The electricity usage profiles vary significantly from region to region for many socio-economic, cultural, and technical reasons. While we used the proposed framework to synthesise Danish residential prosumers’ and consumers’ data in this study, the proposed framework can be applied to synthesise prosumers’ and consumers’ data in any region by customising the input parameters.

EV profile generator

The BEV charging activity is simulated with the emobpy23 in PYTHON. emobpy is an open-source tool that allows the generation of BEV charging profiles from empirical mobility statistics and physical properties of vehicles. It models individual BEVs’ driving mobility, electricity consumption, grid availability and the imported energy from the grid for a household using four sequential models. Specifically, the vehicle mobility model uses a sampling approach to generate plausible travelling routines for each day of the calculation period based on empirical probability distributions. The output of this model is a chronologically sorted list of trips, represented by edges connecting origin and destination locations with departure time, distance travelled, and trip duration. The electricity consumption model estimates a time series of driving electricity consumption of BEVs during driving. It formulates the power requirements for vehicle traction, heating and cooling by considering the vehicle mobility time series generated by the vehicle mobility model, vehicle type, speed, and terrain. The grid availability model takes into account the driving electricity consumption and the availability of charging infrastructure to determine the grid availability time series, which represents the percentage of time when charging is possible for BEVs in a given area. Lastly, the imported energy from the grid model generates a time series of grid electricity demand to charge BEVs based on the driving electricity consumption time series and grid availability generated by the previous models.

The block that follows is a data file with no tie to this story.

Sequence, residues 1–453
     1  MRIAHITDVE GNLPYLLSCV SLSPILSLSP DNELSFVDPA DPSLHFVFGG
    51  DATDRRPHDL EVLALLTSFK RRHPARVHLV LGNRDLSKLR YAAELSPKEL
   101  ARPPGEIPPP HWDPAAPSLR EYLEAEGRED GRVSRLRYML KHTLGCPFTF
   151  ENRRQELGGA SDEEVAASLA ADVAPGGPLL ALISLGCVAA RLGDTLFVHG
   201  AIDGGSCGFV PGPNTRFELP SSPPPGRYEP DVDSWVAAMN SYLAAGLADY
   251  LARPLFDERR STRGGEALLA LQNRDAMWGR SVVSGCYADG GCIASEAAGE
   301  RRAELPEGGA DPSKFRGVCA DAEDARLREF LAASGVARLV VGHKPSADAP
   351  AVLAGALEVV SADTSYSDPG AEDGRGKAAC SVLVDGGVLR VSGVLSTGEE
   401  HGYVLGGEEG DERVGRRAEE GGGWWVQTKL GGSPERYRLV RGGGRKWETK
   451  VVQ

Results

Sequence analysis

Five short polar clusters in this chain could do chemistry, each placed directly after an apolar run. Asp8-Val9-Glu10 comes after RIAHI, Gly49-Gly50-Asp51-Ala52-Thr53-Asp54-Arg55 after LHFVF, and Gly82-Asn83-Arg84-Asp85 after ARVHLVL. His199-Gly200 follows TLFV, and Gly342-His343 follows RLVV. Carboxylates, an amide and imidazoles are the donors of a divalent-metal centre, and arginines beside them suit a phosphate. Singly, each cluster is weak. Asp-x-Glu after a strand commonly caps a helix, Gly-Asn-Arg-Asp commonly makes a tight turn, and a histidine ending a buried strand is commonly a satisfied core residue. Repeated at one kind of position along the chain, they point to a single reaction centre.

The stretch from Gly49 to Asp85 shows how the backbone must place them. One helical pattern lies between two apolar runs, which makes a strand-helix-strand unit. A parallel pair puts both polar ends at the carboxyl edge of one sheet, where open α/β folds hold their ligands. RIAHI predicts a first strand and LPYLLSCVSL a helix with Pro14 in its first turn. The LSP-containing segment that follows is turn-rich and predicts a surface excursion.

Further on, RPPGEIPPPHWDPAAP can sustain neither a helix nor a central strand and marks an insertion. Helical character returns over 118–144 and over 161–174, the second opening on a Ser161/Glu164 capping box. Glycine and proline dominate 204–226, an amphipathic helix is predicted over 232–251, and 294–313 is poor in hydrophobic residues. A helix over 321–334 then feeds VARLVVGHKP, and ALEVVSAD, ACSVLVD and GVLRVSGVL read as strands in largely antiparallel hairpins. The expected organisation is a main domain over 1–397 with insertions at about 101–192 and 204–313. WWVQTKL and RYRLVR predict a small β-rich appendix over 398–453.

To repurpose the tool for our application, we integrated the four models introduced in emobpy into one model and customised settings to build a new model that takes the BEV physical properties and weather conditions as inputs and extracts the residential BEV charging profile as the output. The input parameters, shown in Fig. 1, are collected based on the BEV market sharing statistics in Denmark25 and employment data from Statistics Denmark24. Considering the total amount of data and excluding the failure cases, we generated 743 BEV users’ residential charging profiles for a year, including different employment statuses, i.e., full-time, part-time, and free-time BEV users and different BEV brands based on the above statistics. Hence, we produced 538 full-time users, 178 part-time users and 30 free-time users’ BEV charging profiles that will be used later to synthesise many more BEV users. For simplicity and because we do not involve hybrid EVs in the study, we labelled BEV users as EV users in the dataset hereafter. In addition, we do not consider vehicle-to-grid operation in this paper.

PV profile generator

We used solar ninja to generate PV profiles. The tool uses the global solar energy estimator (GSEE) model to represent rooftop solar systems behaviour together with the global meteorological reanalyses and Meteosat-based CM-SAF SARAH satellite dataset to produce hourly PV generation profiles28. To be more specific, the tool uses mathematical modelling to estimate the power output of PV panels by calculating solar irradiance on the plane of the PV, as well as accounting for inverter and system losses caused by temperature-dependent panel efficiency curves. Hence, the model is deterministic and requires inputs of diffuse irradiance, direct irradiance, temperature, latitude, longitude, system loss, tilt, rated capacity of the panels, panel angle and panel orientation. The GSEE model has been validated across several European countries in various research studies, e.g.,29,30,31. To leverage the capabilities of this tool in our study, except for the weather and geographical parameters, other input parameters (e.g., PV capacity, losses and tilt) are obtained from the PVoutput platform32, which is a public sharing platform for residential PV generation data. Furthermore, we used data sheets from the Danish TSO to extract typical parameters, such as PV capacity, tilt and system loss, for small residential PV systems in Denmark33. With these inputs, representative models are built to synthesise PV generation data for further use in this study.